The Centers for Disease Control and Prevention (CDC) lists handwashing as a top defense against COVID-19. But, as bestselling author and medical historian Lindsey Fitzharris ’04 wrote in a March 21 Wall Street Journal article, washing hands with soap and water to kill germs is a relatively recent –– yet vital –– discovery in the history of medicine.
Fitzharris wrote: “The first doctor to understand the importance of hygiene in stopping the spread of infectious disease was Ignaz Semmelweis, a Hungarian physician, who in the 1840s was working in the maternity department of Vienna's General Hospital. At the time, the idea that the squalid conditions in hospitals played a role in spreading infection didn't cross many doctors’ minds.”
“Even in 2020, it remains a challenge to convince people that washing their hands is one of the most effective ways to combat COVID-19,” Fitzharris stated later in the article.
While handwashing is key to protecting oneself from COVID-19, the World Health Organization (WHO) says widespread testing is needed to contain the virus. Queen Igomu ’19 works at The Jackson Laboratory, which announced plans to provide additional coronavirus testing capacity for Connecticut residents.
A March 19 JAX-GM news release said the laboratory “estimates that with its current staffing and equipment, it can test 100 to 150 samples per day.” It continued, “This additional testing capacity will both allow the Department of Public Health to diagnose patients who have the virus, and will allow researchers to learn more about the virus for broader epidemiological purposes.”
Shaye Mandle ’93, President and CEO of the Medical Alley Association, is leading an effort to combat medical shortages caused by COVID-19. On March 22, the Medical Alley Association introduced “The COVID-19 Resource Connect” tool, which is intended to help connect those combatting COVID-19 and needing assistance with those who can fulfill their needs. The tool will also connect companies already producing needed goods with companies that have available manufacturing capacity.
In a news release published by Yahoo Finance, Mandle said, “We invite all parties around the globe to use our COVID-19 Resource Connect tool in order to assist in ensuring no patient has to go without the life-saving resources they need due to lack of supplies and capabilities.”
While COVID-19’s physical impacts are top-of-mind, Patrick McGrath ’93 is primarily focused on helping people manage anxiety disorders in the midst of the global pandemic. McGrath is head of clinical services for NOCD, a telemedicine site that provides online treatment with licensed practitioners for people with obsessive-compulsive disorder (OCD). In a March 26 TIME article, McGrath said NOCD practitioners are “currently treating 200 patients in individual sessions, but the site includes a message board and 300 people have signed up a day in just the past few weeks.”
McGrath told TIME, “I’m seeing a lot of disappointment among patients. Someone with social anxiety disorder will say, ‘I was in the middle of treatment, I was just getting out and meeting people and this is setting me back.’”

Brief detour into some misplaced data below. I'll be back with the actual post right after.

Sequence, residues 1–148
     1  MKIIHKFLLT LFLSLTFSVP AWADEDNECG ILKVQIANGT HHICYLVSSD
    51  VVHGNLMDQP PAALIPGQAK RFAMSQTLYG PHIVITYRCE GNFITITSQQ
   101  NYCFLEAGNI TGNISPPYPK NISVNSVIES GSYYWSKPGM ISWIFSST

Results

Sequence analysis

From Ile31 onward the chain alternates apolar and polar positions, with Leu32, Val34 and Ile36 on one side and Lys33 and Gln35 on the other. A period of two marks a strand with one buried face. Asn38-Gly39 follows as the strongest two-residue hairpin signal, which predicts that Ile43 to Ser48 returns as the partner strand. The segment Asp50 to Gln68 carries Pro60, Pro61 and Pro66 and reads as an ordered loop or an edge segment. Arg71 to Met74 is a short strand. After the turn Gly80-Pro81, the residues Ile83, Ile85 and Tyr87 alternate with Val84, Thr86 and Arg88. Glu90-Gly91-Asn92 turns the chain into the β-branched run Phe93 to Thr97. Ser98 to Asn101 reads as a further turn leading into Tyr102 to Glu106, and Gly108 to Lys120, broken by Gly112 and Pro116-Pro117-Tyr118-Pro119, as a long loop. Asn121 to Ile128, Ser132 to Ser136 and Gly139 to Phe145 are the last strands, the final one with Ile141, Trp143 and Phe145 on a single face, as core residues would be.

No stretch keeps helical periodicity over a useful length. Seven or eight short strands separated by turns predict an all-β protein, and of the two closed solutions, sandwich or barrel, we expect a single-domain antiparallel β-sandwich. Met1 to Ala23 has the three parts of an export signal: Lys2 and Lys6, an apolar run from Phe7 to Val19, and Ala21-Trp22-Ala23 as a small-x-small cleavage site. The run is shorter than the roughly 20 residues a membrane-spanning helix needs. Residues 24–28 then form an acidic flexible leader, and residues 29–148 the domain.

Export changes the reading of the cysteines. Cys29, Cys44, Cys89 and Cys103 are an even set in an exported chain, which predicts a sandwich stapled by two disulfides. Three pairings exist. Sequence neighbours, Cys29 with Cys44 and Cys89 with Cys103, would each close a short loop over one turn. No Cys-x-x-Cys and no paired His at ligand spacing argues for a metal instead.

Along with the physical and emotional toll of COVID-19, the pandemic is significantly impacting the global economy.
Mark Denzler ’93, president and CEO of the Illinois Manufacturers’ Association (IMA), spoke during Illinois Gov. J. B. Pritzker’s March 23 COVID-19 press briefing about a new “Essential Equipment Task Force” which will “help companies collaborate, break down regulatory barriers in Washington, D.C. or Springfield, provide medical standards and testing, and help review the validity and safety of these products.”
Denzler said some manufacturers across Illinois are ramping up production of needed products, while others are repurposing their facilities to meet needs caused by COVID-19. He concluded, “Once again, the IMA and Illinois manufacturers are proud to answer the call.”
James Parrott ’74, Director of Economic and Fiscal Policies at The New School, is being called upon by Forbes, The New York Times, the Wall Street Journal, Crain’s New York Business, and Business Insider, among many other publications, to provide his expertise regarding COVID-19’s economic impact on New York City, considered the epicenter of America’s COVID-19 outbreak. Parrott told Forbes in a March 26 article that an estimated 750,000 jobs and $1.5 to 2 billion in monthly wages have been lost in New York City alone.
As financial advisors across the nation look for guidance amid the COVID-19 crisis, Financial Planning turned to Steve Dudash ’99, president of IHT Wealth Management, to share in a March 24 article his book recommendation to help fellow advisors and wealth management executives “deal with the inevitable doubt and uncertainty creeping into their lives — and those of their clients.”
Organizations across the country in need of leadership support and crisis response training during the COVID-19 pandemic are receiving help from Ted Delicath ’13, an associate with the McChrystal Group. Drawing on his experiences in the Army and international security, Delicath is providing crisis communication tools and decision-making guidance in the wake of the global health crisis.
This story will be updated as we learn about more significant alumni contributions to the global COVID-19 response. If you have a contribution to share, please email firstname.lastname@example.org.
By John Twork